The subject for 2021 is The Unity of a Nation. How disparate regions come together to form a unified whole. To unite a group of regions to create a nation is a daunting task under any circumstances. It becomes more difficult when regional identity has a long history, often associated with independence and ethnicity, language and religion. The United Kingdom is an old union of four proud, distinct, and very different parts and peoples. Unity is under strain and the future is precarious; loyalty and support for the constitutional structure is on the wane.
The purposes of the Putney Debates this year are:
- to construct models of unity from the experience of a selection of nations;
- to analyse the case of United Kingdom, identify the points of tension and instability; and
- drawing on the models of unity to propose an approach suited to the United Kingdom.
1. A course of lectures on the constitutional structure of a selection of nations, each showing how unity is achieved and its relative success. Each displays a particular arrangement of regions and a distinct model of unity.
- United States - Richard CLARY, Harvard University
- China - Qianfan ZHANG, Beijing University
- Spain - Roberto Galan VIOQUE, Universidad de Sevilla
- Italy - Francesco BILANCIA, Chieti-Pescara University
Each lecture is to address the following:
- The regional composition of the country
- The matters to be resolved to achieve national unity
- The form of unity adopted, the character and features
- An assessment of how successful the form of unity has been.
2. The United Kingdom This aim of this lecture is:
- To give a brief history of the form of unity of England, Scotland, Wales, and Northern Ireland
- To identify the problems of the present form of unity and the reasons
- To consider alternative forms, drawing on the models of unity developed in previous lectures, and to draw from them guidance for the future.
Lecturer: Sionaidh DOUGLAS-SCOTT, Queen Mary College London
3. Debate and discussion: after the lectures, a panel drawn from within the UK and outside will debate the models of unity and attempt to formulate a fresh approach for the United Kingdom.
One member of the panel will address the UK as a whole, each of the other four will consider the matter from the point of view of one of the four nations, Scotland, Wales, Northern Ireland, and England.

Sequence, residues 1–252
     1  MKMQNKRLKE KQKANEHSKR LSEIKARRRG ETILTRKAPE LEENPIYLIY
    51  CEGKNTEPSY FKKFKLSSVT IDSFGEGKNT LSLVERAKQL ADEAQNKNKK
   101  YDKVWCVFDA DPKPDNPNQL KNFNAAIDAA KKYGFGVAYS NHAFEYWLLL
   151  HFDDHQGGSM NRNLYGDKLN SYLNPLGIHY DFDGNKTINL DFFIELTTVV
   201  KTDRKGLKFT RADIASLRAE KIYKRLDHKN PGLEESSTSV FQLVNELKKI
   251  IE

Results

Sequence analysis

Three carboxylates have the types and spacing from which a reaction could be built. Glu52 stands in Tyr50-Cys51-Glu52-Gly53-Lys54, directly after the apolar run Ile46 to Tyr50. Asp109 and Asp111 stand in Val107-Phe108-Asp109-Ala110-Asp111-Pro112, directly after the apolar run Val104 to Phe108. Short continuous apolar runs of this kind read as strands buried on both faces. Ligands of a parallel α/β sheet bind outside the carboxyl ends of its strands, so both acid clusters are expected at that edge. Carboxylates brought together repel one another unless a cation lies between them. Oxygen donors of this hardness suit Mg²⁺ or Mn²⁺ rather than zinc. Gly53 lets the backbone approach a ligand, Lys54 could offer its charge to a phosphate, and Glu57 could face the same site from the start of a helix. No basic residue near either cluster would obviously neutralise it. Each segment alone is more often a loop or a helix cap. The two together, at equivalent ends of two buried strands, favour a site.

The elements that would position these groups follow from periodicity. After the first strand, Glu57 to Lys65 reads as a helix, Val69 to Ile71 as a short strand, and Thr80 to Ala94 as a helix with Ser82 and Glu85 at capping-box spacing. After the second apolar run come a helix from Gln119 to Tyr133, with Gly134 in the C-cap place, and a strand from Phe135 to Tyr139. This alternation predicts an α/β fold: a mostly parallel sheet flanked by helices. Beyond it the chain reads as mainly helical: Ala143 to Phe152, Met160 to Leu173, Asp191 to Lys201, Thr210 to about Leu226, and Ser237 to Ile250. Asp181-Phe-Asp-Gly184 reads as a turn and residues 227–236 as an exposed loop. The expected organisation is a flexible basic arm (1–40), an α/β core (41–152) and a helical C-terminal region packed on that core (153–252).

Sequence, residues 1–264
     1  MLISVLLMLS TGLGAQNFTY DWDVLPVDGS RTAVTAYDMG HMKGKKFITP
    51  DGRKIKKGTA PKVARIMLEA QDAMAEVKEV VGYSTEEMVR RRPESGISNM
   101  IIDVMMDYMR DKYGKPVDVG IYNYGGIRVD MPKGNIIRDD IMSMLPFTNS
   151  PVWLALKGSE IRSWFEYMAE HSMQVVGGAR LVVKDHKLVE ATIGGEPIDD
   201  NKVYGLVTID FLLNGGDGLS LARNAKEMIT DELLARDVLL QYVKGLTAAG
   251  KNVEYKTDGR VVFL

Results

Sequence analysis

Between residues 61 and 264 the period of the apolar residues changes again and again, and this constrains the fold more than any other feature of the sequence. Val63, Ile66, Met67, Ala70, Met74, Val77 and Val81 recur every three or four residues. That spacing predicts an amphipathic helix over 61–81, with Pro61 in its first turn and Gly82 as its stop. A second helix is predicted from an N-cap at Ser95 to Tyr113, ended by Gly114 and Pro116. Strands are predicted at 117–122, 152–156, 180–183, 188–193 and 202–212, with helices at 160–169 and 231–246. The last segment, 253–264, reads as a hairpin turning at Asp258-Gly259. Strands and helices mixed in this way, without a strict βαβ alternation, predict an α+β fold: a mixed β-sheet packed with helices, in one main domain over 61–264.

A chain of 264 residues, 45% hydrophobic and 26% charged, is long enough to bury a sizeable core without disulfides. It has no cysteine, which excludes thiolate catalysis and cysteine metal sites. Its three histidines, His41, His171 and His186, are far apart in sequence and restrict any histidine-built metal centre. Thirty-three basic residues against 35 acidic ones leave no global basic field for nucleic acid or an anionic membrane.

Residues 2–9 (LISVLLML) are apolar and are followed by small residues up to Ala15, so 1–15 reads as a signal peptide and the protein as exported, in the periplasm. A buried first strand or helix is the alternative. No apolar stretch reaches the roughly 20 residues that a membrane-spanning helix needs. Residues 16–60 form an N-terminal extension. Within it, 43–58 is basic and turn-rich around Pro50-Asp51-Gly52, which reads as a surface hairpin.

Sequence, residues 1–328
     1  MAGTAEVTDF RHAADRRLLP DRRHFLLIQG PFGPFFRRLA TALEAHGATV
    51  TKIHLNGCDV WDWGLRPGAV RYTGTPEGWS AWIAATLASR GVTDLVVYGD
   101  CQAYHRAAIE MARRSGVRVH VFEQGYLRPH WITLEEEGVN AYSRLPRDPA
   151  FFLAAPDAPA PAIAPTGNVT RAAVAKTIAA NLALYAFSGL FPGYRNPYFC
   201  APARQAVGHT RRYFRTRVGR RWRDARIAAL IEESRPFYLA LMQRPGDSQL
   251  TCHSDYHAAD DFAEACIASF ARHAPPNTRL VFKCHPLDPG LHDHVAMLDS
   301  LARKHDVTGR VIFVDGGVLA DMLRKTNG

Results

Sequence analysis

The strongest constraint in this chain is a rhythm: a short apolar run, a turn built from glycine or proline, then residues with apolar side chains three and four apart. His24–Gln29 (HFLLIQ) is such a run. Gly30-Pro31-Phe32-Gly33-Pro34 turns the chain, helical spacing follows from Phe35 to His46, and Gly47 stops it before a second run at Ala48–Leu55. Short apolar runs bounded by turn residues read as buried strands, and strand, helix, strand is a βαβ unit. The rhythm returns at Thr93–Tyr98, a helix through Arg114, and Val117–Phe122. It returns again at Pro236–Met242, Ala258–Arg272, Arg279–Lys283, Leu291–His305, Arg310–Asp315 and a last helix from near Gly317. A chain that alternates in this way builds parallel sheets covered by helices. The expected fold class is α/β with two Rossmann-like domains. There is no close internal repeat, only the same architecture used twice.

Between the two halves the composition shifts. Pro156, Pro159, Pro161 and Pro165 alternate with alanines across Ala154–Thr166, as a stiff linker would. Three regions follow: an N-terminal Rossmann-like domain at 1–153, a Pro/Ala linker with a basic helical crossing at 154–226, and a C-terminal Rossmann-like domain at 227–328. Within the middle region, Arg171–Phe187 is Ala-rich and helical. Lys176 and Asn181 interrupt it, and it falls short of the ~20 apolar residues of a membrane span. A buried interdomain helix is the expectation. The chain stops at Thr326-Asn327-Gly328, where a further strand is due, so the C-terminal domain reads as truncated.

4. Membership of the panel:
- United Kingdom: Michael Gordon, Liverpool University
- Northern Ireland: Christopher McCrudden, Queens University Belfast
- Scotland: Nicola McEwen, Edinburgh University
- Wales:Sarah Nason, Bangor University
- England: Alison Young, Cambridge University
5. Administration and Timetables
- The lectures on the USA, China, Italy, and Spain have been recorded and are available on the website.
- The lecture on the UK will be pre-recorded by end of November 2021
- Brief report of the lectures will be prepared for the website.
- The debate held digitally on Wednesday 8th December 2021
- Morning session 12.00 – 1.30: panel composed of the 5 lecturers; each to present a short synopsis of each lecture (5 minutes), followed by discussion among the lecturers, then contributions from the audience
- Afternoon session 3.00 – 4.30: panel of 5 to discuss the proposals for the UK, 10 minutes each.
- A final report of the lectures and the debate will be prepared and available on the website.
The planning and conduct of the Putney Debates benefit from the counsel and wisdom of an Advisory Group of the following:
- Nick Barber, Oxford University
- Catherine Barnard, Cambridge University
- Richard Clary, Harvard University
- Sionaidh Douglas-Scott, Queen Mary London
- John Howell, Oxford University
- Geraldine van Bueren, Institute of International and Comparative Law University of London
- Denis Galligan, Oxford University (Chair)